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Music Store Was a Player in Hollywood's Golden Era

June 22, 2004|Bob Pool | Times Staff Writer

The Tishkoffs' rent-a-piano business is ending on a wistful note.

For more than 75 years, a parade of old-time Hollywood stars passed through its doors.

Then a celebrity parade of a different kind sent it packing.

That's the bagatelle version -- the short description -- of why the family-owned Hollywood Piano Rental Co. is shutting its doors June 30.

The piano rental store was a landmark near the corner of Highland Avenue and Hollywood Boulevard until developers of the Hollywood & Highland entertainment and shopping center -- home of the Academy Awards ceremonies -- bought it two years ago and tore it down.

"They needed our place to park the limos that drop off the stars at the Kodak Theatre," said Jerry Tishkoff, who has been running the business with his brother, Eddie. "Limousines won't fit in the underground parking they have at the Kodak. So for big events at the Kodak, they park them at our old place."

But it turned out to be harder than the pair thought it would be to find a new location for their rental shop. They finally leased a Highland Avenue storefront eight blocks away that had half the floor space and virtually none of the parking that their old place had.

The new store was so small that the trademark neon "Hollywood Piano Rental Company" sign wouldn't fit on the front. There was room for only "Hollywood Piano."

So Jerry, 76, and Eddie, 73, are closing the shop that their father, Abe Tishkoff, and his brother, Archie, launched in 1928.

"Everybody knew our old store," said Eddie Tishkoff.

"Now, nobody can find us. We're lost," said Jerry.

The impending closure means that Tinseltown has lost one more landmark of Old Hollywood -- in this case, to make room for something decidedly New Hollywood.

Hollywood has seen several new shopping centers, such as Hollywood & Highland, open in recent years in what many consider a revival of the area. But now there are fewer places that link Hollywood to its storied past, such places as the piano shop, the C.C. Brown's ice cream shop near Grauman's Chinese Theatre and Schwab's drugstore.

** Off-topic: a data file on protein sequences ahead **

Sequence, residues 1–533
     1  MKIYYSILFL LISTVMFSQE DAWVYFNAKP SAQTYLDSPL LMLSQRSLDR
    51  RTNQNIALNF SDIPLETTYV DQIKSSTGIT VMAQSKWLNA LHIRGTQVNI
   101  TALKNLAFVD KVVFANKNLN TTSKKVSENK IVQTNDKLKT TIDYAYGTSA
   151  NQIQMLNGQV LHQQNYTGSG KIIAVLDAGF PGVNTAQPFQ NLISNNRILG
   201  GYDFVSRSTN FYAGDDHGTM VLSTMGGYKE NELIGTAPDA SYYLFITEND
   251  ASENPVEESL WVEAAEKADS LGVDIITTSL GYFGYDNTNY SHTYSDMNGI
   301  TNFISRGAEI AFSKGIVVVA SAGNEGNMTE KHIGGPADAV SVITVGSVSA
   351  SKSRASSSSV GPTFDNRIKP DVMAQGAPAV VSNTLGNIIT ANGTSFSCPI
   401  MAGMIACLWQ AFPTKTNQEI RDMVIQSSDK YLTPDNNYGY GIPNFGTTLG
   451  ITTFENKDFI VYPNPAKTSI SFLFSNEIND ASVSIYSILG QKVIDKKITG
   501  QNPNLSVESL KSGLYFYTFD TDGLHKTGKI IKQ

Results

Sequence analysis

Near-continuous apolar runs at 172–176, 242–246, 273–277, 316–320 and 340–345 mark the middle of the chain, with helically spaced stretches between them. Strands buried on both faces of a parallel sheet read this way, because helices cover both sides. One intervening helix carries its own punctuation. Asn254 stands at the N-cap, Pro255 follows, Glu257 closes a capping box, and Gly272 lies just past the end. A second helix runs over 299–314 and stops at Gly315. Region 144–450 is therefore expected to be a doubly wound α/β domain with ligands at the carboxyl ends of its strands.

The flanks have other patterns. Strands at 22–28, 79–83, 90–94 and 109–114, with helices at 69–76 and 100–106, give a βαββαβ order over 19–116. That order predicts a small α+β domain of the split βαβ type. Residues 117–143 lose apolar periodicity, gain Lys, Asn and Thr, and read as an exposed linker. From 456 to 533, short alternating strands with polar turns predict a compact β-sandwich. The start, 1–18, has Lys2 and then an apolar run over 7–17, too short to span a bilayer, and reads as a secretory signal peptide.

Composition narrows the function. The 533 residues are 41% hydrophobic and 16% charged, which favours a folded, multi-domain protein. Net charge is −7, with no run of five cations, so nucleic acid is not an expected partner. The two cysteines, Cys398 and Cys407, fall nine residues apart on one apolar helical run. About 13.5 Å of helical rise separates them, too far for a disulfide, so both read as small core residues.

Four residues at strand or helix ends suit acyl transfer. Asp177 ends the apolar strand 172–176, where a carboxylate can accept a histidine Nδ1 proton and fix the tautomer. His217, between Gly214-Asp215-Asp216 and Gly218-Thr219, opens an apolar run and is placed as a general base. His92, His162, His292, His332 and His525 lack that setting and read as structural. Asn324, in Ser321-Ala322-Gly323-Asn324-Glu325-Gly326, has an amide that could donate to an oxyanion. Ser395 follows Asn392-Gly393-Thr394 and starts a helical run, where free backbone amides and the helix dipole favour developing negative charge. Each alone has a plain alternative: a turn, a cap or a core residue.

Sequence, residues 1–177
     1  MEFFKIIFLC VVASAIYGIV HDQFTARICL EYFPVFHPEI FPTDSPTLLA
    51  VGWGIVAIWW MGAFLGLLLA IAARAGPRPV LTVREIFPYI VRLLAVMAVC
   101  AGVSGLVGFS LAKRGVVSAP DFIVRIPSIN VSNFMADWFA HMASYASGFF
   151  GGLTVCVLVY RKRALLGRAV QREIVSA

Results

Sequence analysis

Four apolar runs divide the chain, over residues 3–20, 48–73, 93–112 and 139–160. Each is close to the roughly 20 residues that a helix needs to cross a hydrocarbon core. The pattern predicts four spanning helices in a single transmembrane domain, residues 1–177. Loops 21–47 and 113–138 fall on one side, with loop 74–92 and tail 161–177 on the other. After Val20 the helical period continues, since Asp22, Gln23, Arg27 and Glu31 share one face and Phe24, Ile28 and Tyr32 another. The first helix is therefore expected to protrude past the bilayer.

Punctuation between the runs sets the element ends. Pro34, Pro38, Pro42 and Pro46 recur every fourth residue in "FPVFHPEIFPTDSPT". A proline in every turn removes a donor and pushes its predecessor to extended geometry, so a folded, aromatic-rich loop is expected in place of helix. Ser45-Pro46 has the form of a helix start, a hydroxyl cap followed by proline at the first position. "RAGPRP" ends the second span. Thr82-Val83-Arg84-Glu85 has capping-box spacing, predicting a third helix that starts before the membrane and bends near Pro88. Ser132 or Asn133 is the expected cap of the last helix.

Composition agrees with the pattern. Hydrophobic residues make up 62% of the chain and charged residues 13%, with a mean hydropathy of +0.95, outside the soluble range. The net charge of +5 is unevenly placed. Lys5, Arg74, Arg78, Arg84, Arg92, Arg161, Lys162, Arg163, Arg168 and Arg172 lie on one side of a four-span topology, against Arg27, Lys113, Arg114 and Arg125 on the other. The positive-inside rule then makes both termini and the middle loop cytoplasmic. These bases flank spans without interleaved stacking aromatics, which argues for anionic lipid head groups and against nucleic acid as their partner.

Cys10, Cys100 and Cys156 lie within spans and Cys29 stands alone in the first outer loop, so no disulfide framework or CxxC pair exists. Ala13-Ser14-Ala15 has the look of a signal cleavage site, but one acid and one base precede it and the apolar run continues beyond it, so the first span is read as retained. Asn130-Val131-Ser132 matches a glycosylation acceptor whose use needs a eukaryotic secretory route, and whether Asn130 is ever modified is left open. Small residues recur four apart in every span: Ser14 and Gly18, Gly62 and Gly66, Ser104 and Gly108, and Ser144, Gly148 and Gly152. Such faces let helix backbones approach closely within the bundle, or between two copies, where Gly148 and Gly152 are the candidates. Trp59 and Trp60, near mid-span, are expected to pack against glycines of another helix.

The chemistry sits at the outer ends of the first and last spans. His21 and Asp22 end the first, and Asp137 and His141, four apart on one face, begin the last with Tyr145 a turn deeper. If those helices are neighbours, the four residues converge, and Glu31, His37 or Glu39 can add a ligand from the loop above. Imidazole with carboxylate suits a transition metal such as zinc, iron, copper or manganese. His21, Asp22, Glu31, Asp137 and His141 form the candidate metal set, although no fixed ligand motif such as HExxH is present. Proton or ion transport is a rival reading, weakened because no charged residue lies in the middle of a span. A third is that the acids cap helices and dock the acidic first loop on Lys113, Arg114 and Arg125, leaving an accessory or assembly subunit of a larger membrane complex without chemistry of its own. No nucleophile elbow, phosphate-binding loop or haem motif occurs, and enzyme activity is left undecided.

The Tishkoff family has long been synonymous with pianos in Hollywood but started off in construction. When one client couldn't pay Abe for an apartment project, he gave him 300 pianos he had in storage in lieu of cash.

"My father had pianos stuck everywhere after that. One day, a lady came in his office and saw one of the pianos and offered to rent it for $2 a month. That's how the rental business started. My father knew as much about pianos as you know about missiles," Eddie said.

The store quickly became the primary source of pianos for Hollywood's movie studios, radio stations and the emerging recording industry. Hollywood's stars frequented the place daily -- sometimes just to sit down and play.

"Fred Astaire would drop in all the time -- his driver would drop him off. One time, he didn't have a ride home, so I took him," said Jerry.

"Another time, I delivered a piano to actor Dick Powell's house, and he invited me to stay for dinner. His wife didn't look very happy at having a last-minute guest, so I didn't."

When Eddie delivered a piano to Errol Flynn's home one day, he was surprised when the actor gave him an impromptu tour of the grounds. It included a spin through Flynn's bedroom, where the actor showed off the mirrors hanging from the ceiling.

"The stars back then were very down to earth. Jack Benny was a real gentleman -- he came in for a piano for his daughter. Eddie Cantor got one for his daughter too," said Jerry. "Back in the old days, many of the stars would come in on their own. After the '60s and '70s, they would send people in for them."

Soon, the shop was selling pianos as well as renting them. Dean Martin and Sammy Davis Jr. were customers. Frank Sinatra was a repeat customer, often buying pianos for friends, said Eddie. Ronald Reagan and first wife Jane Wyman acquired one.

Peter Lawford rented one to use during the 1960 Democratic National Convention. Gov. Goodwin Knight often stopped in just to play.

Once, so did Marilyn Monroe and Jane Russell.

"They'd been over at Grauman's Chinese Theatre putting their handprints in cement, and they came in and rehearsed a number for 'Gentlemen Prefer Blondes,' " said Eddie.

Russell proceeded to sit down in front of a grand piano and bang out a tune from the movie. Monroe sat on a nearby piano bench, crossed her legs and started singing along.

They had to lock the shop's door when the two actresses attracted a crowd outside the storefront window.

"We practically had a riot outside," Jerry said.

Records are incomplete, but the Tishkoffs believe their father rented out the piano that played the victim of a steep stairway in the 1932 Laurel and Hardy comedy, "The Music Box."

Since then, their pianos have been banged up as often as they've been banged on -- some for scenes that were takeoffs on the Laurel and Hardy classic.

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